As the star and executive producer of her first-ever recurring television role, The English at the very least guarantees an opportunity for Emily Blunt to sink her teeth into a substantial character arc that allows her to flex every single one of her acting muscles. While that’s definitely true of creator Hugo Blick’s six-episode miniseries that premieres on Prime Video this coming Friday, there’s an awful lot of meandering along the way.
The basic thrust of the story is simple and straightforward enough, with Blunt’s Lady Cornelia Locke compelled to travel to the still fairly lawless American West to seek revenge on the man she holds responsible for the death of her son, but after a blockbuster opening episode, the pacing begins to slow down as tonal imbalances and borderline overindulgences threaten to overwhelm what reads as a relatively A-to-B narrative.
Almost immediately upon her arrival, Cornelia encounters Chaske Spencer’s Eli Whipp, who’s been strung up and left for dead. Individually, they’ve got so much emotional baggage that not even the sturdiest of steeds would be able to support it, but the unlikely duo nonetheless forge a tenuous alliance based on their shared personal devastation – two unrelated but equally troubled existences that eventually dovetail into a shared mission.
He wants to reclaim the land he was promised in the wake of his military service, while she’s on a manhunt that’s spanned two continents. Separately, it seems as though neither has a hope in hell of getting what they want, especially when the so-called “civilized” frontier is anything but – especially as it pertains to a Native American like Whipp and a foreigner such as Lady Locke.
The English luxuriates in piecing together its plot through terse exchanges, overwrought monologues, and flashbacks spanning decades that slowly-but-surely tie everything together, in what does thankfully prove to be a satisfying whole by the end of the sixth and final installment. Upon first viewing, it almost feels as though Blick had designs on many more episodes than a mere half-dozen, which at times makes the occasional scene or two feel heavily overstuffed by virtue of having too much plot to squeeze into not enough airtime.
Narrative bugbears aside, one indisputable fact is that The English is stunning to look at. The Western genre is famed for its wide open vistas, lush landscapes, and sweeping shots of figures being painted as nothing but specks of dust on an endless plain. You get all of that and much more from the first to last frames of the entire show, with the cinematography, costuming, and production design all of impeccable quality.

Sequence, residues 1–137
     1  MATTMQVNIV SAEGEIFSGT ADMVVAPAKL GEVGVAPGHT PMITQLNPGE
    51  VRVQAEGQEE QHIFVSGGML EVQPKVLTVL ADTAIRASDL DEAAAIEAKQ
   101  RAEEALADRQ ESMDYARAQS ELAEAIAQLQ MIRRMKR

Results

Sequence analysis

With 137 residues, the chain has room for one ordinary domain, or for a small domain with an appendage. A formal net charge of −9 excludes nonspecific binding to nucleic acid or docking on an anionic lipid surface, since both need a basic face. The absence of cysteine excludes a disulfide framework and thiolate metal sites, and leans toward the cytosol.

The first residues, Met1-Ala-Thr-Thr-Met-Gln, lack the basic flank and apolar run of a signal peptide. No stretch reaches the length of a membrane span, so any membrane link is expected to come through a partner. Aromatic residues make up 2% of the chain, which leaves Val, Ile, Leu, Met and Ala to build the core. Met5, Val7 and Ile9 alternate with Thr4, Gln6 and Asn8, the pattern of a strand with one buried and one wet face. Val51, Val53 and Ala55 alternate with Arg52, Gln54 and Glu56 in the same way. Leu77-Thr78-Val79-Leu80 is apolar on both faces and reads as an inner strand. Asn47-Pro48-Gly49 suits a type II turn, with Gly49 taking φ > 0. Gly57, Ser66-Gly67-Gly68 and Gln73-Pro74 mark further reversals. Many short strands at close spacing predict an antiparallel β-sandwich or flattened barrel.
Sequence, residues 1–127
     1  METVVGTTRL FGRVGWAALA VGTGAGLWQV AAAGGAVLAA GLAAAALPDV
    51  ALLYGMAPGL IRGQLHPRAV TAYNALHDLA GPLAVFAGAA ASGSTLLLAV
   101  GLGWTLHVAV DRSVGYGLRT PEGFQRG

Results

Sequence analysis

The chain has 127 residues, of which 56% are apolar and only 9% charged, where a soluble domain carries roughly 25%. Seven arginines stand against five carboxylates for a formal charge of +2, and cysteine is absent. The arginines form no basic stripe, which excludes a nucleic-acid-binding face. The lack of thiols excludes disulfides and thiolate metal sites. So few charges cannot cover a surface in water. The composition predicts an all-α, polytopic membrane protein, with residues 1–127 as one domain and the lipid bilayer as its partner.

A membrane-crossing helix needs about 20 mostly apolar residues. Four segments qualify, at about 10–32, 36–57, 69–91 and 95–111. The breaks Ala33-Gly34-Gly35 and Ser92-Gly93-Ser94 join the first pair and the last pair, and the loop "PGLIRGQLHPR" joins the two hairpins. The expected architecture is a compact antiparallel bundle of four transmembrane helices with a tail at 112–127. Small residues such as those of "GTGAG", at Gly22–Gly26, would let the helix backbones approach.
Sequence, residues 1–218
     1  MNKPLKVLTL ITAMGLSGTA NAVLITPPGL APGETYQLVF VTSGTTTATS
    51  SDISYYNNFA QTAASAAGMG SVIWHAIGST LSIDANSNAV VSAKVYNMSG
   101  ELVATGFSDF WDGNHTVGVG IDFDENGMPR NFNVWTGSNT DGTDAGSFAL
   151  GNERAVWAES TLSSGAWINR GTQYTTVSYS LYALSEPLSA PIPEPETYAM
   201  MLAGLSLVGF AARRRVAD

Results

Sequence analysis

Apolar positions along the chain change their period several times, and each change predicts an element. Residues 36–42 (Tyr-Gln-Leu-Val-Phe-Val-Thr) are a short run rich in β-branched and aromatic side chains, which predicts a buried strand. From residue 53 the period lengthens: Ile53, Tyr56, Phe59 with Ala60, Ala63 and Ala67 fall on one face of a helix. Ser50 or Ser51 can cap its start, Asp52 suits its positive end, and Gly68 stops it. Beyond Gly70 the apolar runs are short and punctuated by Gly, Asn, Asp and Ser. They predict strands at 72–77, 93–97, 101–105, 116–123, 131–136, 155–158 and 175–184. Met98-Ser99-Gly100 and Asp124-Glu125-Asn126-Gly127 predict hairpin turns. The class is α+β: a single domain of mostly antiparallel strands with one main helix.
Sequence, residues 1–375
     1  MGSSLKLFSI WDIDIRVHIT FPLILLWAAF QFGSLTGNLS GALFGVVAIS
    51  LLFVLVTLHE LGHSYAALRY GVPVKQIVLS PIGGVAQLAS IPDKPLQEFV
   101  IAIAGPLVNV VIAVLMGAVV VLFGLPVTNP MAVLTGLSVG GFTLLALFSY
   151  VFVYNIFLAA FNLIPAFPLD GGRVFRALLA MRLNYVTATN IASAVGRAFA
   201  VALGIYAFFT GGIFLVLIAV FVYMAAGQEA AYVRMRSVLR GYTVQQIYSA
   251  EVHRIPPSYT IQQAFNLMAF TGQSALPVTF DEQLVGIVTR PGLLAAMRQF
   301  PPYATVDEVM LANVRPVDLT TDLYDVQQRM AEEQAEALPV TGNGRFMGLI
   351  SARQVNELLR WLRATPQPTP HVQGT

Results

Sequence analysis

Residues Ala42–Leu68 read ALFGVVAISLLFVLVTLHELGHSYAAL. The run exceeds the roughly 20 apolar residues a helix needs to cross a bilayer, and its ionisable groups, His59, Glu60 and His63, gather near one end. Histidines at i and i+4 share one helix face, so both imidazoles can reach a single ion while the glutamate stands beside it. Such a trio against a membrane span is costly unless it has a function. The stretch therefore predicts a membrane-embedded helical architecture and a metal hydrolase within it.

The performances are equally stellar, with Blunt putting a fresh spin on a part she’s arguably played more than once before. Anyone familiar with the actress’ back catalogue knows she can do the whole “steely-eyed badass reckoning with past trauma” shtick in her sleep, but it’s the layers and complexities she brings to Cornelia that make her feel lived-in, fully-realized, and entirely justified within the context of her own reasoning to travel all the way from England to America to settle a score.
Similarly, Spencer could have easily fallen into the trap marked “stoic glorified sidekick”, but the actor delivers what’s comfortably the best work of his career as Eli. Sure, he is stoic to a certain extent as should be expected from a soldier forced to murder indigenous people under orders that ended up being denied the one thing he was promised for undertaking despicable acts, but it’s gestures, glances, and expressions that help fill in the gaps and give a real understanding of who he really is, why he’s done the things that he’s done, and the lengths he’s willing to go to in order to make it right.
There are several recognizable faces dotted throughout The English, from the malevolent Ciaran Hinds to the morbidly indignant Toby Jones, but the best of the bunch are Stephen Rea’s dogged, determined, and unwilling to consider accepting anyone else’s given f*cks as legal tender Sheriff Robert Marshall, along with Rafe Spall’s scenery-chewing nightmare come to life David Melmont. Digging too deep into the motivations of either constitutes spoilers, but rest assured they each give it their all and then some.
Twists, turns, and revelations unfold at a clip that really should have been a little quicker, though, and you may be able to call several of the would-be “surprises” very early on, but that doesn’t necessarily make The English any less of an experience. It’s not quite a rootin’ tooting’ rampage of revenge given the intimate interpersonal dynamics that permeate the entire thing, but nor is it a po-faced drama about harrowing subject matter as displayed through a smattering of eardrum-shattering action beats where you can almost feel the bullets tearing through the screen, even if Blick regularly struggles to find the perfect balance between the two.
Calling it solid-if-unspectacular feels like a disservice on one hand, but on the other, there are several noticeable intangibles missing from The English that would have comfortably elevated it to greatness. Westerns aren’t an easy sell as epic-sized streaming originals in an age where big budget sci-fi, fantasy, and superhero stories dominate the cultural conversation, but there’s a lot to like about Blick’s leisurely approach to putting his own bespoke and thematically resonant spin on what used to reign as Hollywood’s most popular and beloved genre bar none.
'The English' is stunning to look at and a phenomenal showcase for its ensemble cast, but the six-episode series is a little too leisurely in its pacing to make the revenge-driven Western as riveting as it should be.